Biomechanics of Being a Mom
I'm writing this blog after nearly six days of spending time with my family over the holiday. Thanksgiving with my mom's family, hosted my in-laws over the weekend and a last-minute dinner with some cousins last night made for a busy, yet much-needed week.
My sweet 7-month-old niece visited over the weekend and it was so exciting watching her sit up (unsupported) and start taking a few strides crawling on the ground. It had been almost four months since I'd last seen her and the physical therapist in me was impressed by how much she'd grown and all the new things she was able to do. She could hold objects (bottle) and was more awake and expressive than the last time I saw her.
While my family was visiting, my sister-in-law mentioned that since they lowered my niece's mattress in the crib, she'd experienced more low-back pain from lifting my niece from the lower surface. I looked at her posture and pelvic asymmetry, then instructed her in a few stretches she could do as well as some lifting strategies to minimize the stress on her low back. As of today, she has been feeling better and able to reduce her symptoms.
The day after I saw my niece, I literally couldn't believe how sore my biceps were from carrying and holding her throughout the day. I mean, she was definitely heavier than the last time I saw her, but I didn't hold her that much. And, I lift weights. I run. I'm fit. How could this little smiling tot make my arms so sore?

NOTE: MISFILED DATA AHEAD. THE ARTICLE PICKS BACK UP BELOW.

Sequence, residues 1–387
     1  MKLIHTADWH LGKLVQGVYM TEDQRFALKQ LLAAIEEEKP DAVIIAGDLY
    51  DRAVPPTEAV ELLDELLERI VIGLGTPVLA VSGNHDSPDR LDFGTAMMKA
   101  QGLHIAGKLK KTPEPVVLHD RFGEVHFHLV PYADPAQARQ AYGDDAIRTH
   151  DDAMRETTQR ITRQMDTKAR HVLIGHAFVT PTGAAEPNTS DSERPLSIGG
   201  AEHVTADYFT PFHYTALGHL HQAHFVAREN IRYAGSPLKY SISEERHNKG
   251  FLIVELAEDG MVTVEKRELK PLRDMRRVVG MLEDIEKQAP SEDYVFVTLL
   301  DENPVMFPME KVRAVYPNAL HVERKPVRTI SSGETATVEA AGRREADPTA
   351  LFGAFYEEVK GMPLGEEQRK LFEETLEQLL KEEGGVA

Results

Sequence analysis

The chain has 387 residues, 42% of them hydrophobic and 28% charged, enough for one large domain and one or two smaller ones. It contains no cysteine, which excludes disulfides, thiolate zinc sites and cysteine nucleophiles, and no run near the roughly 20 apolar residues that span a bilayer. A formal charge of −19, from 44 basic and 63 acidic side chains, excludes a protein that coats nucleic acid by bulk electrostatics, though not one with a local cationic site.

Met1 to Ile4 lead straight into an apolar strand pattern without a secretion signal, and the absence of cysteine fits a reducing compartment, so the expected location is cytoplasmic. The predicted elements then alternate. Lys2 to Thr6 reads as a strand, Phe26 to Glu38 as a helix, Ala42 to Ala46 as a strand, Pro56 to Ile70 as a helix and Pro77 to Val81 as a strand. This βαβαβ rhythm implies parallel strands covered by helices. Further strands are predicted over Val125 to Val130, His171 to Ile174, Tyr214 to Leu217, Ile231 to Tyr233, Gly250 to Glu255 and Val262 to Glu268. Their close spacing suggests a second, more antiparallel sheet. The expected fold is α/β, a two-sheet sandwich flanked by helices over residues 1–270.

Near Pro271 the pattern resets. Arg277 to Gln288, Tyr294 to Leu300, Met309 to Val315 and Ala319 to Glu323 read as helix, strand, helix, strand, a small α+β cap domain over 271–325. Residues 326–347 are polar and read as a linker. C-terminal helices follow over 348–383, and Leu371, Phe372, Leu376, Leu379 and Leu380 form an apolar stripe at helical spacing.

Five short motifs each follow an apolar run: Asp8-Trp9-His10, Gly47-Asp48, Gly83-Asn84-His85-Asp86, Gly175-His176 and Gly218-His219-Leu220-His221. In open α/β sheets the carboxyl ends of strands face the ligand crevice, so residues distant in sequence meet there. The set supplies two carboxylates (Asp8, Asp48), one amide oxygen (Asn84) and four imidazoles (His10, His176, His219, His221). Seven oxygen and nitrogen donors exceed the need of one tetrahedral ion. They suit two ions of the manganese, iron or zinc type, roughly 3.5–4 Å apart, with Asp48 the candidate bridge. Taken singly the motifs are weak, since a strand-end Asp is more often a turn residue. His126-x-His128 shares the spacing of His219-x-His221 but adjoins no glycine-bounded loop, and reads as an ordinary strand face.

These two ideas together -- my sister-in-law's back and my ailing arms -- made me think about all the physical demands an infant requires. There's a lot more lifting than I would have predicted, and I cannot imagine the parents who are deconditioned for those physical responsibilities. I wonder if birthing classes or parenting books educate soon-to-be-parents on the importance of exercise or correct lifting techniques. This seems like an area with high ergonomic needs -- for all those car-seat handles and crib heights.
I'm not even considering the physical therapy aspect of the pelvic floor following childbirth, which is clearly a whole different discussion, yet an important one in the role physical therapy can have for mothers. What do you think? Do you think new mothers and fathers understand the physical demands of having a child? Are you a pediatric therapist who is often impressed by your patients' growth and development? For the parents who read this blog, what is your firsthand experience of caring for a young child?